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WASHINGTON — On Wednesday, the Federal Communications Commission announced a $48-million fine against Sinclair Broadcast Group, the conservative broadcast conglomerate that in 2018 failed in its attempt to take ownership of dozens of Tribune Media television stations.

The penalty is part of a consent decree that closes three FCC investigations into the broadcaster, which gave up on its takeover bid after the agency found Sinclair misled it and conducted itself with a “lack of candor” — a violation of FCC rules — in seeking official approval for the deal.

When announcing today’s fine, FCC Chairman Ajit Pai suggested that he was defending the First Amendment against “those who, for transparently political reasons, demand that we revoke Sinclair’s licenses” — a jab at Free Press and its allies, who forcefully opposed the massive broadcast merger.

Free Press President and Co-CEO Craig Aaron made the following statement:

“Sinclair’s long record of lying to and misleading the Federal Communications Commission has caught up with it yet again. We applaud the FCC for taking action — after years of looking the other way and bending the rules to benefit Sinclair — though the penalty should have been much steeper.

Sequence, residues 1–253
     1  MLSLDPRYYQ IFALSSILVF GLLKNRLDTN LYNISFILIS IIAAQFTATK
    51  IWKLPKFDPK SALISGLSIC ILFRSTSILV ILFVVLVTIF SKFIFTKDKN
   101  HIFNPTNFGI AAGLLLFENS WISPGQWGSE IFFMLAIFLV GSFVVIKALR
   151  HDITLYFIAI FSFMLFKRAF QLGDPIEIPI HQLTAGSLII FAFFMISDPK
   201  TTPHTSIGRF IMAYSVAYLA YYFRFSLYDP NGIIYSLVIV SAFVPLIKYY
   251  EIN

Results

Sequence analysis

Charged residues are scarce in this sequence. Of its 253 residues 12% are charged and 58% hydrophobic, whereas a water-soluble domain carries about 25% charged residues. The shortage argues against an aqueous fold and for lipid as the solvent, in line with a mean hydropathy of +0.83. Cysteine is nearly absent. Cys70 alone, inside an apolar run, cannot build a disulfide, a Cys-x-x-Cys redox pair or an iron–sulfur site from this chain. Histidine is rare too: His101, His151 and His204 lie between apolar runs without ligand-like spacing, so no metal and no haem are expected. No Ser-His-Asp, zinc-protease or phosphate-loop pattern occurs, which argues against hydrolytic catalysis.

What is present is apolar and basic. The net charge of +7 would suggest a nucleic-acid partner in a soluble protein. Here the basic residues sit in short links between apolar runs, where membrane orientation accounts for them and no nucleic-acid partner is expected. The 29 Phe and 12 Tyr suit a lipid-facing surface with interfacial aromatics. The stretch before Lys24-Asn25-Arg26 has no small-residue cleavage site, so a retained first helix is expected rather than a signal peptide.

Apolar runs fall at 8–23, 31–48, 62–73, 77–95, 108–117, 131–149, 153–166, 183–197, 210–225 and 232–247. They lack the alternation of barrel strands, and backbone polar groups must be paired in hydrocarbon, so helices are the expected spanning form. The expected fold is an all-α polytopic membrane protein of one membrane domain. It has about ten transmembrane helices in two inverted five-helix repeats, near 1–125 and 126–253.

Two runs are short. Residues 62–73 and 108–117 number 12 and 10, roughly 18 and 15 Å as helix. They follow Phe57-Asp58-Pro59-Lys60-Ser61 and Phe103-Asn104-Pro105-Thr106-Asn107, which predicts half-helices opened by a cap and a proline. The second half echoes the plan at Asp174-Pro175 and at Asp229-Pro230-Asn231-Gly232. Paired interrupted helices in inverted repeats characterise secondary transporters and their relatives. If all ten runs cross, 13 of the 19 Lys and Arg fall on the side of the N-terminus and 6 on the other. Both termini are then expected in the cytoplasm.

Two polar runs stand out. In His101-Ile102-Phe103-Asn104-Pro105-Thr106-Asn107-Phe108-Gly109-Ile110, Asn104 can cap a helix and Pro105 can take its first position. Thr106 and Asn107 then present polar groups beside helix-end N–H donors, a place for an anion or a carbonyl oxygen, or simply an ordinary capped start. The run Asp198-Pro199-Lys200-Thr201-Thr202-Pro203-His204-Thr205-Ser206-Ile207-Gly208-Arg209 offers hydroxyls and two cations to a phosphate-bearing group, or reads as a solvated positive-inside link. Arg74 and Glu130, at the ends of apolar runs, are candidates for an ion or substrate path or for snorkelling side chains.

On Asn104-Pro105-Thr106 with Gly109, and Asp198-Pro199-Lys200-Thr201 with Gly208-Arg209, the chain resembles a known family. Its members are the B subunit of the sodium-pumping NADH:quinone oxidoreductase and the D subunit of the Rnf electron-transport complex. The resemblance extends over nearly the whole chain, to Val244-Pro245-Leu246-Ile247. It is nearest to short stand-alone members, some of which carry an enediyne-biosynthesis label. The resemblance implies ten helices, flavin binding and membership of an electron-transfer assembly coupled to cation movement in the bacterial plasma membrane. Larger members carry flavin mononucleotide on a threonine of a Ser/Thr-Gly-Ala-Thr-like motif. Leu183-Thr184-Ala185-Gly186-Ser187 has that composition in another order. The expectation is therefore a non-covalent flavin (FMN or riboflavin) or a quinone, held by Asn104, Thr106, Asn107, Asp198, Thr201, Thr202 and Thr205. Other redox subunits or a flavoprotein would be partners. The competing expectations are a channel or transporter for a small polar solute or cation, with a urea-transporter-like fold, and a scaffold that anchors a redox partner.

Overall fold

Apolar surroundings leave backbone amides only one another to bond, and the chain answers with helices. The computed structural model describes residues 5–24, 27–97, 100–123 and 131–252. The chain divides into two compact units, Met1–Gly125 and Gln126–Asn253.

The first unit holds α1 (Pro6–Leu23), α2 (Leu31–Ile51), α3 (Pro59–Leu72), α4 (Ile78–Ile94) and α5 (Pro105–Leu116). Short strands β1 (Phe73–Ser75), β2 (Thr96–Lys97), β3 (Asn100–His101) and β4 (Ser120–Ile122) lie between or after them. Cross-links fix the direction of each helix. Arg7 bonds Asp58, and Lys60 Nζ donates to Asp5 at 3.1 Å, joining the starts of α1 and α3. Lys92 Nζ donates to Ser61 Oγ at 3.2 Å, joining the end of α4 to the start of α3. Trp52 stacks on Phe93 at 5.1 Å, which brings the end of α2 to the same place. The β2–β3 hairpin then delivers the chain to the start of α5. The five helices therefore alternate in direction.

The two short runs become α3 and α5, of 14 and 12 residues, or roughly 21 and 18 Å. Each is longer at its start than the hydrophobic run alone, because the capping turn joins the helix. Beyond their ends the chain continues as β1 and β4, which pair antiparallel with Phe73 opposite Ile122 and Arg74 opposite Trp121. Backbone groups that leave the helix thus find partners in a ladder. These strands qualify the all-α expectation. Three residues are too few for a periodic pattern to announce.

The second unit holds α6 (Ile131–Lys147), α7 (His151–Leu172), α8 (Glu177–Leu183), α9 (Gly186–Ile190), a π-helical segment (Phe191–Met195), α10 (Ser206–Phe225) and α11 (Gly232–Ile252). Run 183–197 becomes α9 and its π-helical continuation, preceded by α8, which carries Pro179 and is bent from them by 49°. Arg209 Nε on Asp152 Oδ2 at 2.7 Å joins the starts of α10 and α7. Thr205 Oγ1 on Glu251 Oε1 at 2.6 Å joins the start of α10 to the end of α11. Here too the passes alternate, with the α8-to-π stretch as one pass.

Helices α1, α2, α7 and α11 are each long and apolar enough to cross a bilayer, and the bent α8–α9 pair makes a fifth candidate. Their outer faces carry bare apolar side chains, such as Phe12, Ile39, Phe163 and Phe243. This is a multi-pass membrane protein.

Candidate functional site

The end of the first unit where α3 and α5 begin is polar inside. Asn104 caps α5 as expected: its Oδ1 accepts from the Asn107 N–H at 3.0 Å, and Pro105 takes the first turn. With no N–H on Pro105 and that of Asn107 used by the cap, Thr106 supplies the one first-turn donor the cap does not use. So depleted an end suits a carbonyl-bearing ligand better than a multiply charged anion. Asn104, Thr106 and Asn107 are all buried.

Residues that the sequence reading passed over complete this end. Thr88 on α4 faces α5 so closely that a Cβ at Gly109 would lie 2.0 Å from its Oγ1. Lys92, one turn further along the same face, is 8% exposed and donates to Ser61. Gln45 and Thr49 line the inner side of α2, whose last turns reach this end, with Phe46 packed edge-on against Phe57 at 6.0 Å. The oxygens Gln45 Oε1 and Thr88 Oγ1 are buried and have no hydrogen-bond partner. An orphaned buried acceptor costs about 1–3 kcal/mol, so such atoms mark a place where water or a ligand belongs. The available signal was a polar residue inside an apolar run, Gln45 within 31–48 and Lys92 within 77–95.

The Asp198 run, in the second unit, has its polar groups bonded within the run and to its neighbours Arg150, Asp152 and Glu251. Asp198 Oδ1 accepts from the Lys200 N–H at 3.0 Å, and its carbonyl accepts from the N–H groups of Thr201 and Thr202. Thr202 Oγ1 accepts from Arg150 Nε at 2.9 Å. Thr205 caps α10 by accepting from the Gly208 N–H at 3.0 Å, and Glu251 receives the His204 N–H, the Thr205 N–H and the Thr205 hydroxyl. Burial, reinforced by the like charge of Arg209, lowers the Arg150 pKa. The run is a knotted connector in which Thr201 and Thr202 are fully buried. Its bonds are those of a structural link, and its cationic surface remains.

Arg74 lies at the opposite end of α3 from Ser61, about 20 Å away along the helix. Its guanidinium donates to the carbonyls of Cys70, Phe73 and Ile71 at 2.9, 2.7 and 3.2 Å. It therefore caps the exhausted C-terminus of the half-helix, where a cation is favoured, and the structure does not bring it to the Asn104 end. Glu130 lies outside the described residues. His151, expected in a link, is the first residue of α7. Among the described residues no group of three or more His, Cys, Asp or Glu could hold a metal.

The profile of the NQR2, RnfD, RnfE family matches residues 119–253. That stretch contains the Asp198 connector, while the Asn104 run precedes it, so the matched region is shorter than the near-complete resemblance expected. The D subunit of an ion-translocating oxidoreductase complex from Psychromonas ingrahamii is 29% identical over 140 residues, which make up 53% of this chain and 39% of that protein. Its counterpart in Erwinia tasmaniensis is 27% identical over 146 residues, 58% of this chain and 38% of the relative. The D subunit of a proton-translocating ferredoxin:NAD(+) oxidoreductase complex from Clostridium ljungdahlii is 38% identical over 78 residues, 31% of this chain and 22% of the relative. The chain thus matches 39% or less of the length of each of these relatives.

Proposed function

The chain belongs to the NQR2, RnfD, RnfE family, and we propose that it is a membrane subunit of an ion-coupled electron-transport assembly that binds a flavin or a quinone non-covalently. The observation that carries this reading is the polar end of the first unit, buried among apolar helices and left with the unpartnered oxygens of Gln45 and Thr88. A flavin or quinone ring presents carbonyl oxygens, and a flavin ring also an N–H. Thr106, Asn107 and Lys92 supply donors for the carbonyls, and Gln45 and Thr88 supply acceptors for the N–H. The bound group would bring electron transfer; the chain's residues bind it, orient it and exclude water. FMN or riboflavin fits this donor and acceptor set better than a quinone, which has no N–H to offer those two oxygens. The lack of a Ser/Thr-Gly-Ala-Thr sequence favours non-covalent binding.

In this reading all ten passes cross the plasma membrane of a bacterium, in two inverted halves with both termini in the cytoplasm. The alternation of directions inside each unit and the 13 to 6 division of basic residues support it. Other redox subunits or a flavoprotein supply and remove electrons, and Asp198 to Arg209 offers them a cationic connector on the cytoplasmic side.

“Let’s not forget that these are the public airwaves, and Sinclair has no special right to broadcast on them. Sinclair has abused its control of local-TV stations from coast to coast, inserting right-wing propaganda into local newscasts and turning local journalists into puppets for its political agenda.

“While we appreciate the FCC’s action today, we can’t help but notice that Chairman Pai seems all too eager to turn the page and get back to business as usual. In announcing today’s fine, Pai went out of his way to sarcastically reassure all of us that the First Amendment still applies at the FCC and that Sinclair’s licenses are safe. The First Amendment part is welcome news, as his agency’s constitutional commitments seem to waver depending on the day of the week and who’s asking.

“Yet this shouldn’t be the end of the discussion about Sinclair’s bad behavior. We never demanded that the FCC consider action against Sinclair’s licenses for any political reason. Sinclair constantly breaks the law, violates the FCC’s ownership rules and fails to meet the public-interest obligations that broadcasters agree to uphold in exchange for their use of the public airwaves. And we did so — as even Chairman Pai concedes — because the company routinely lies to the agency.”

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